Trump Demands Primaries Against 'RINO Sellouts, Known Losers’ Who Backed Biden's Infrastructure Bill

© AP Photo / Manuel Balce Ceneta In this May 5, 2018 file photo, President Donald Trump speaks during a roundtable discussion on tax reform at Cleveland Public Auditorium and Conference Center in Cleveland, Ohio.
 In this May 5, 2018 file photo, President Donald Trump speaks during a roundtable discussion on tax reform at Cleveland Public Auditorium and Conference Center in Cleveland, Ohio. - Sputnik International, 1920, 14.11.2021
Thirteen House Republicans crossed party lines earlier this month to help pass Joe Biden’s $1.2 trillion infrastructure bill. GOP support proved vital as six Democrats from the party’s progressive wing voted against bill after a failure to secure nearly $2 trillion in additional spending for the related $1.75 trillion Build Back Better Act.
Former President Donald Trump lashed out against many of the “sellout” Republicans who voted in favour of the Infrastructure, Investment and Jobs Act on Saturday, promising to support any candidates who challenge them in the upcoming 2022 midterm elections.
“Any interest from good and SMART America First Republican Patriots to run primary campaigns against Representatives Tom Rice, John Katko, Don Bacon, Don Young, Fred Upton (challenge accepted), Andrew Garbarino, Peter Meijer (challenge accepted), David McKinley (challenge accepted), Nancy Mace, Jaime Herrera Beutler (challenge accepted) and Chris Smith?” Trump asked in a statement issued to followers of his ‘Save America’ Political Action Committee.
“You will have my backing!” Trump promised. “[Anthony] Gonzalez, [Adam] Kinzinger, and [Tom] Reed already QUIT, they are out of politics, hopefully for good,” he added.
“Warmonger Liz Cheney (challenge accepted) is on the SKIDS with a 19% approval rating,” the former president said, referring to the never-Trump Republican and daughter of former vice president and Iraq War architect Dick Cheney, with whom he has clashed repeatedly in recent years.

“Saving America starts by saving the GOP from RINOs [‘Republicans in Name Only’], sellouts, and known losers,” Trump quipped, adding that “in the Senate, the ‘Disaster from Alaska’, Lisa Murkowski (challenge accepted), must go. There is ‘almost’ nobody worse!”

He did not elaborate on who could be “worse” or why he put air quotes around the word "almost."
Trump’s list did not align completely with House Republicans’ vote on infrastructure, with Rice, Meijer, and Herrera Beutler included on it despite voting against the bill, while representatives Nicole Malliotakis, Jeff Van Drew, and Brian Fitzpatrick did not appear on it even though they voted for the infrastructure package.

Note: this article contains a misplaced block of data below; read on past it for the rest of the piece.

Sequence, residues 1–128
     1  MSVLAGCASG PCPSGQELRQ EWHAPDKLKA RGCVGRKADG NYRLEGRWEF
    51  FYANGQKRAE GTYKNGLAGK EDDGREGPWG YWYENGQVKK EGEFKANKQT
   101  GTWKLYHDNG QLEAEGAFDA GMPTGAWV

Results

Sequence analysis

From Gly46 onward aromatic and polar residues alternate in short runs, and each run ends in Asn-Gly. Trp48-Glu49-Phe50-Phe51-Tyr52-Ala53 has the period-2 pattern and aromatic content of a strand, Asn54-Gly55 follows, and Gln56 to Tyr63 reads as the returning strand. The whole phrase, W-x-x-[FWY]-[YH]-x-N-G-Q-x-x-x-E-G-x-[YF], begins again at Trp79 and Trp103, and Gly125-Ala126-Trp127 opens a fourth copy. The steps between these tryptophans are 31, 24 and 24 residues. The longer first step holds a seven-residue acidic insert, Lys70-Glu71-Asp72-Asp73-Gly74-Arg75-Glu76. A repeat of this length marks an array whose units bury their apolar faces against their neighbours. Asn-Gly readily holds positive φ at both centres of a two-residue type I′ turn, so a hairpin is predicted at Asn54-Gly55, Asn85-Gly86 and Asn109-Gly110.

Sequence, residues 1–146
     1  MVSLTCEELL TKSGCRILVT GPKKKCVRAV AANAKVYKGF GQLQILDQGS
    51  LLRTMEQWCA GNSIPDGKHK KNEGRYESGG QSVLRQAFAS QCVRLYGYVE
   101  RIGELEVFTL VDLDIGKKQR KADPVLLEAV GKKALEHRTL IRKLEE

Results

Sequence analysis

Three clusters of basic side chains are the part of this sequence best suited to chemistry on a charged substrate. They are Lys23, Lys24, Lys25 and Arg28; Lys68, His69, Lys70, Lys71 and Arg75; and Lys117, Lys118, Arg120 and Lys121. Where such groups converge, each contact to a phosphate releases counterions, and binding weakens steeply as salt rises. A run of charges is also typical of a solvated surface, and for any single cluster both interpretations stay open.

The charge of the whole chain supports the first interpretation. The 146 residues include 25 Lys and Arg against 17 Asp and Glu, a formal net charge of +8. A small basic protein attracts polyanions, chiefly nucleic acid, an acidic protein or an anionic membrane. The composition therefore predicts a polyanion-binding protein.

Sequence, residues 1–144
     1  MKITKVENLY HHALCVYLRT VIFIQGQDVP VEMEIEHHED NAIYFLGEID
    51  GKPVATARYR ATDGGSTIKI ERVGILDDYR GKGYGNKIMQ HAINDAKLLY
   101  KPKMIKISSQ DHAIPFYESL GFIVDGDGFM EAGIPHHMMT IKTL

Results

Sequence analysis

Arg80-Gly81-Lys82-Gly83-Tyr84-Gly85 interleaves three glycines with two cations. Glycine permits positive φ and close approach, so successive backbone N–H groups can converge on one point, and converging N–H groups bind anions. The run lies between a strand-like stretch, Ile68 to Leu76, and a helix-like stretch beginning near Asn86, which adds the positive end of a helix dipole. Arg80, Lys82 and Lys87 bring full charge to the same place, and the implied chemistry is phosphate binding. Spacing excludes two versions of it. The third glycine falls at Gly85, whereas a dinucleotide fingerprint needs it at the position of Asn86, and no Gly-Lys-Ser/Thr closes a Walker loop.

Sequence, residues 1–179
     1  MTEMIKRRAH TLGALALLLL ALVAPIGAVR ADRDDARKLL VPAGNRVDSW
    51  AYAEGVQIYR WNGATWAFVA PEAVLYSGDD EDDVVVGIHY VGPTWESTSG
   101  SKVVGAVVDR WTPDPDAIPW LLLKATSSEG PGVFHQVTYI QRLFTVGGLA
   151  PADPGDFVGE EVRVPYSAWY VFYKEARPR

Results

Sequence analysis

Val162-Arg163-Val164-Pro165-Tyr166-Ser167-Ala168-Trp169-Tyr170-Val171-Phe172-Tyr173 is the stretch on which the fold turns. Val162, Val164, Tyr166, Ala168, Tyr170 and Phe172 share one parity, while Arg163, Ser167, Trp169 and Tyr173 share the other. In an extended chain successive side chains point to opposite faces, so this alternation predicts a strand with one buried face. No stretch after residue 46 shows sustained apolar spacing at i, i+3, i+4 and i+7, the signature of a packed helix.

Trump reportedly ripped into the 13 members of the GOP who voted in favour of the $1.2 trillion bill at a National Republican Congressional Committee dinner on Monday, with Malliotakis, a freshman congresswoman from New York, listening from the audience and appearing "visibly shaken" following the diatribe, according to the New York Post.
Joe Biden’s infrastructure bill passed in the House on 5 November by a vote of 228 to 206, with 13 Republican representatives’ votes taking it over the top after six Democrats from the progressive "Squad" voted against it. The Senate passed the bill in August, with 19 Republicans led by Trump naysayer and Senate Minority Leader Mitch McConnell joining all 50 Democrats in voting for the funding package.
Trump slammed McConnell over his support for the bill earlier this month, calling him and others “RINOS” who voted in a “politically correct” to shore up the Democrats’ agenda.
Until its passage earlier this month, the infrastructure bill was held up by House lawmakers seeking to tie it to the separate but related Build Back Better social and climate change spending agenda, which has been whittled down from $3.5 trillion to $1.75 trillion by conservative Democratic senators led by "DINO" Joe Manchin of West Virginia.
Trump wasn’t the only Republican to condemn the 13 House lawmakers who voted in favour of the infrastructure bill, with representatives Marjorie Taylor Greene, Matt Gaetz, Madison Cawthorn and Lauren Boebert leading the charge in attacking their fellow lawmakers and threatening to “primary the hell out of” them in the coming midterms.
U.S. President Joe Biden hosts the Milwaukee Bucks, after they won the 2021 NBA Championship, at the South Lawn of the White House in Washington, U.S., November 8, 2021. - Sputnik International, 1920, 10.11.2021
Biden to Sign $1.2 Trillion Infrastructure Bill on Monday

America's 'Third World' Infrastructure

Trump repeatedly complained about the sorry state of US infrastructure on the campaign trail in 2016, comparing it to that of a “third world country.” In 2018, he presented a $200 billion infrastructure spending plan, but Democrats opposed it due to its emphasis on state and local funding, as well as private investment. In 2020, talks on a separate infrastructure plan were frozen by the Covid pandemic, with Republicans expressing scepticism about additional spending on top of the trillions already doled out to banks, corporations and $1,200 bailout cheques for ordinary Americans.
The injection of as much as $8 trillion in the American economy over the past year-and-a-half has caused a noticeable spike in inflation and sparked fears that US federal debt may be reaching critical levels. Last month, Congress increased the US debt limit into December amid warnings from Treasury Secretary Janet Yellen that a failure to do so might cause America to go broke and default on its $28+ trillion in debt. Despite the debt, the White House and Congress have continued to push forward trillions in new spending, including the $1.75 trillion Build Back Better and a $706 billion military budget for the fiscal year 2022.
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